Engineer Mike Hichme (left) and designer Stuart Norris (right): GM's design and engineering teams colocated in an effort to understand the customer's needs and choose the right technologies to support those needs.
A final note on the Prius PHV, Ann. To me, it seems like the most logical form of electrification in vhicles today. By minimizing the size of the battery, Toyota will hopefully keep the costs down. If you're a person who drives less than 13 miles roundtrip to work, and if you recharge religiously, you can run in pure electric mode the majority of the time.
Ann: We should know by second quarter of this year. Predictions seem to vary from $28K to $32K, but when I interviewed Toyota engineers over the summer, they described the sweet spot as $26K. I doubt they can come in that low, but they do have the advantage of a small-ish battery on this (one-third the size of the Volt battery), so they should be able to keep costs down.
Next we want to hear how much Toyota is going to charge for its plug-in vehicle, the Prius PHV. If that comes in at a reasonable price -- say, $28K -- we'll really see electrification appealing to more consumers. We should know soon.
Thanks for reporting on that lower-priced Prius and the down-sized pricing of plug-in hybrids. They should go a long way toward getting volumes up by appealing to more consumers, especially in these tough economic times.
Ann, I'm afraid that until now, most hybrids and electric cars have been aimed at upper-end consumers. That's starting to change no, though, with last week's introduction of the $19,000 Prius c. Automakers are also turning to plug-in hybrids because they can market them at the mid-level of the market by reducing the size of the battery and, therefore, reducing the cost.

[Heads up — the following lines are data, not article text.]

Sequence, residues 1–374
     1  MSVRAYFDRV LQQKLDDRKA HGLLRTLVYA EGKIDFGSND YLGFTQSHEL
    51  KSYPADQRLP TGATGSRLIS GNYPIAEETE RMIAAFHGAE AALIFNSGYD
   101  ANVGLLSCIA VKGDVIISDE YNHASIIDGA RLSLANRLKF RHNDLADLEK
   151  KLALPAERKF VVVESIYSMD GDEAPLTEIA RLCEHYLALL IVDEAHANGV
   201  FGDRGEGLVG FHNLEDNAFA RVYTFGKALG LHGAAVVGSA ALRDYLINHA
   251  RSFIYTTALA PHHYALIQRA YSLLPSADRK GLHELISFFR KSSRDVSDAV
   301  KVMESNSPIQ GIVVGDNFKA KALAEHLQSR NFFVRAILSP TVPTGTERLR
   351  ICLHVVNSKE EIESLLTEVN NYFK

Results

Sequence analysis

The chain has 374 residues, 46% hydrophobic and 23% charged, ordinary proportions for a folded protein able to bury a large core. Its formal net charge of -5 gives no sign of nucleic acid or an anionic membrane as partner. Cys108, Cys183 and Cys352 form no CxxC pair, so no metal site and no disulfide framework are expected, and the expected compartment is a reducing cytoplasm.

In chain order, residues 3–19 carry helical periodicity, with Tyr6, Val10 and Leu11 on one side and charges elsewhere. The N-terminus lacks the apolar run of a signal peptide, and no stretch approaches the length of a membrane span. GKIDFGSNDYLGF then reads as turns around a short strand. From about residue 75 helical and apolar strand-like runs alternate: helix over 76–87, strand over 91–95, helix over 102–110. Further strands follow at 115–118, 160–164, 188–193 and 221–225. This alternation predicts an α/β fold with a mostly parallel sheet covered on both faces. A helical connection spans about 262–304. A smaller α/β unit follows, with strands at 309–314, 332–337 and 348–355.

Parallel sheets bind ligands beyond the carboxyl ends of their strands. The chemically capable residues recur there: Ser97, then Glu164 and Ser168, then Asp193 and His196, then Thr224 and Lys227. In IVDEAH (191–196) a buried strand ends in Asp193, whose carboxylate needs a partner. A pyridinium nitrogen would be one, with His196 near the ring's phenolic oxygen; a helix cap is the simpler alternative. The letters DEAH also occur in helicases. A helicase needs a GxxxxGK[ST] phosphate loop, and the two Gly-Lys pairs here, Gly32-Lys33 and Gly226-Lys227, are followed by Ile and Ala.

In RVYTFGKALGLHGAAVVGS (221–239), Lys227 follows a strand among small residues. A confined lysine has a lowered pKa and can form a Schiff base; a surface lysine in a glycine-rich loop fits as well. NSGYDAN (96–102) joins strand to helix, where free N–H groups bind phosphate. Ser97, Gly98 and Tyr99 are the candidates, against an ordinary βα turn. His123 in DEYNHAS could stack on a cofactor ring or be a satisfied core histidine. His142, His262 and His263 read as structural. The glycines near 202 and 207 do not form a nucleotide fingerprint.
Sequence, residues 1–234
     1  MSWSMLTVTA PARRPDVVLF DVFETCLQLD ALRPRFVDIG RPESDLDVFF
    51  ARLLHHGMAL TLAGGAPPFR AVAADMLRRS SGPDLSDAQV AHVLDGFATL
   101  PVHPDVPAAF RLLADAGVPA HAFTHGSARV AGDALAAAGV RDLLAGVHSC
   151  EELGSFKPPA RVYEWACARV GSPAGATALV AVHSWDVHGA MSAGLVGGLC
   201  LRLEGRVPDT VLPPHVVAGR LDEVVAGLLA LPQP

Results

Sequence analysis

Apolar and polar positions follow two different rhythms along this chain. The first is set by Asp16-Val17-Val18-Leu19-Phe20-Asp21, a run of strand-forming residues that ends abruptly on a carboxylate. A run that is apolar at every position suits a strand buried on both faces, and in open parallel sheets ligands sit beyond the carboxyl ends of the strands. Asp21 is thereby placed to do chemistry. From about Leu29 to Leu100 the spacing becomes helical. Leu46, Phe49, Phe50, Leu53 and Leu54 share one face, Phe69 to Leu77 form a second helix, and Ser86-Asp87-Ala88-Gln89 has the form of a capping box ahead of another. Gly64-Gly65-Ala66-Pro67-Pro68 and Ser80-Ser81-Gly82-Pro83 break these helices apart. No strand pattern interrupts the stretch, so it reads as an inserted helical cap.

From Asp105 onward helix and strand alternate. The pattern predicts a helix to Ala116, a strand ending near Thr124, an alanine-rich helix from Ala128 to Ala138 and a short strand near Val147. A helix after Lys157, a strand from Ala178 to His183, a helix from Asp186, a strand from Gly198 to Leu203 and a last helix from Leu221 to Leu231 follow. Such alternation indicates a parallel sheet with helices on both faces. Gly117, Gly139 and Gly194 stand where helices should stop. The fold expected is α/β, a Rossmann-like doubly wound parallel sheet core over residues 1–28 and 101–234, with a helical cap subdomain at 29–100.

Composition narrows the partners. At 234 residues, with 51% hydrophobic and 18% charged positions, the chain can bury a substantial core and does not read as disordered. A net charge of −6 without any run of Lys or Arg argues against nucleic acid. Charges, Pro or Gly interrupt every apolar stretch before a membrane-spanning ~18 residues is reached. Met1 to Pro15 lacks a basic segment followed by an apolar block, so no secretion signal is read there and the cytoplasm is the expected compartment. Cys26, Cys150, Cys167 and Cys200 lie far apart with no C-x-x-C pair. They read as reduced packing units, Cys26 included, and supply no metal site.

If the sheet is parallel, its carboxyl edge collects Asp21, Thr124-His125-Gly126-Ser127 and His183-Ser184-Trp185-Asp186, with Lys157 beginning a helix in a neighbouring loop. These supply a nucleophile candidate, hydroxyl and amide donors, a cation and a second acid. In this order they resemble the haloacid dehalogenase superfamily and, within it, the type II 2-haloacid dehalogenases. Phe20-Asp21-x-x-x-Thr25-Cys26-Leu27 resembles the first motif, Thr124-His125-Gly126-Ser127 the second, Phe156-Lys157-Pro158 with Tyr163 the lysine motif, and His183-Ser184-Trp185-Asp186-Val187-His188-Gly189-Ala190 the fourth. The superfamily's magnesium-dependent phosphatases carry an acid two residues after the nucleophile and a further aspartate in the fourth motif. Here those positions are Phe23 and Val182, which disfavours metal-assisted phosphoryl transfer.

Chuck, that's a really interesting shift in what's defined as luxury. Thanks for pointing that out. OTOH, I hope that doesn't mean that EVs and hybrids are being aimed at the upper end of consumers, since that will most likely delay acceptance and the higher volumes needed to make them mainstream. During the energy crisis in the mid-70s, people started buying smaller Japanese cars in huge numbers because they both cost less and had better mileage than Detroit. It was a win-win.
I think there's a solution to the unsustainable luxury car dilemma that you mention, Ann. In earlier stories, I have mentioned that the Volt is based on a new definition of luxury. I can buy a Chevy Cruze for under $20,000 or buy a Volt for $40,000. In some respects they are the same car, same size, same foundation. The Cruze gets 42 mpg; the Volt gets about 45 mpg on gasoline and 90+ mpge using electricity. The Volt also has a few more luxuries inside. I really do believe that most of the of the buyers of the Volt, Leaf and other EVs and hybrids are wealthier consumers with a new definition of luxury. If they were buying out of a sense of pragmatism, they'd go for vehicles like the Cruze.
I agree, Rob, that SUVs aren't always what they appear to be. And the reason that they are safer is simply that they are usually based on truck bodies, which makes them weigh more, which is partly why their mileage is so low, etc. etc.
If I want a truck--which I do--I'll buy a truck, not one of those.
Five years ago, optical heart rate tracking seemed like an obvious successor to the popular chest straps used by many fitness buffs, but the technology has faced myriad engineering challenges on its way to market acceptance.
Design engineers need to prepare for a future in which their electronic products will use not just one or two, but possibly many user interfaces that involve touch, vision, gestures, and even eye movements.
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